Not a Better Love Story Than ‘Twilight’: Harry Potter
Guys. We gotta talk. Not about Twilight, necessarily, but about love stories. I frequently hear the phrase “still a better love story than Twilight”, and usually it’s funny, but sometimes it’s actually just kind of wrong.
Because, while Twilight is nowhere near the best written story in the world, and while Bella and Edward are exceedingly bland and almost too stupid to survive, at least when they reach the end of their story, they’re together as two consenting adults who have learned to widen their view outside their ridiculous romance. They’re terrible at times, but at least neither of them dies because of the idiocy of one or both of them, for example (they don’t die eternally, I mean. Because they are, of course, both undead by the end of the series). There’s definitely indications that Edward’s behaviour is abusive (controlling who Bella sees, spending most of the first book literally wanting to eat her, stalking her, breaking into her house to watch her sleep, behaving violently, basically never respecting her choices when it doesn’t suit him etc etc etc), but unfortunately for some love stories, while we want to believe they’re better than that, they actually aren’t, they’re kind of just swanning around on the same level…
So. Let’s turn to the Harry Potter series, shall we?
Calm down. I’m not talking about ALL of Harry Potter. But one of the love stories in Harry Potter just really gets me mad, so I really just have to say that I despise the attention that the Severus Snape and Lily Evans story gets for being super romantic.
No. That’s wrong. Please stop. And allow me to break it down for you…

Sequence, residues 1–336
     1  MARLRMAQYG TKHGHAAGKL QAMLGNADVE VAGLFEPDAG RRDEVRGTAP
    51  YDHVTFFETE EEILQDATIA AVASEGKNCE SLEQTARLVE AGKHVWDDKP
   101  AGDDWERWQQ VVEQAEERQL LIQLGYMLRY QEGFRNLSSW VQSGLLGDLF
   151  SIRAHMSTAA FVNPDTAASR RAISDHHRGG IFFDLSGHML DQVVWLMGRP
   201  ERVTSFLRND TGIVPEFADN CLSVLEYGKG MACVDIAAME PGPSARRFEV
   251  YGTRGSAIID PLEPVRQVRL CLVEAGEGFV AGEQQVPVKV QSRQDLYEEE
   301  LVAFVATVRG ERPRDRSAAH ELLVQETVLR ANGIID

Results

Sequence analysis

You guys. Snape is THE worst. I know, I know. He did all this stuff to save Harry and he did it because he loved Lily, blah blah blah. No. Not good enough. A re-read of the books does a pretty good job of showing how Snape’s love for Lily is not present in most of his behaviour, like, ever. For example, this is an adult man, a teacher, who bullies Hermione Granger, his student, because she’s a Muggle-born who is clever (just like Lily) and because she’s friends with Harry (son of Lily). If Lily was alive to see the way Snape behaved towards his students, she’d be as horrified and disappointed in him as she was the day she decided she couldn’t be his friend anymore. And that’s not even considering the way he speaks to Harry, her orphan son.
There is, of course, an argument for his behaviour being twisted up by grief and anger and guilt and all that jazz, but this behaviour did not start after Lily was killed. It was present when he was younger as well. And I think the biggest problem in their relationship does actually come down to his hatred of Muggle-borns. And it doesn’t seem to be a perspective that his friendship with Lily had any impact on. Instead, Snape considers her an exception. As Lily herself says, “you call everyone of my birth Mudblood, Severus. Why should I be any different?” And, for all you Muggle-born witches out there, I want to encourage you to be as wary of anyone who tries to seduce you with “you’re not like other Muggle-borns” as you are of the words “you’re not like other girls”.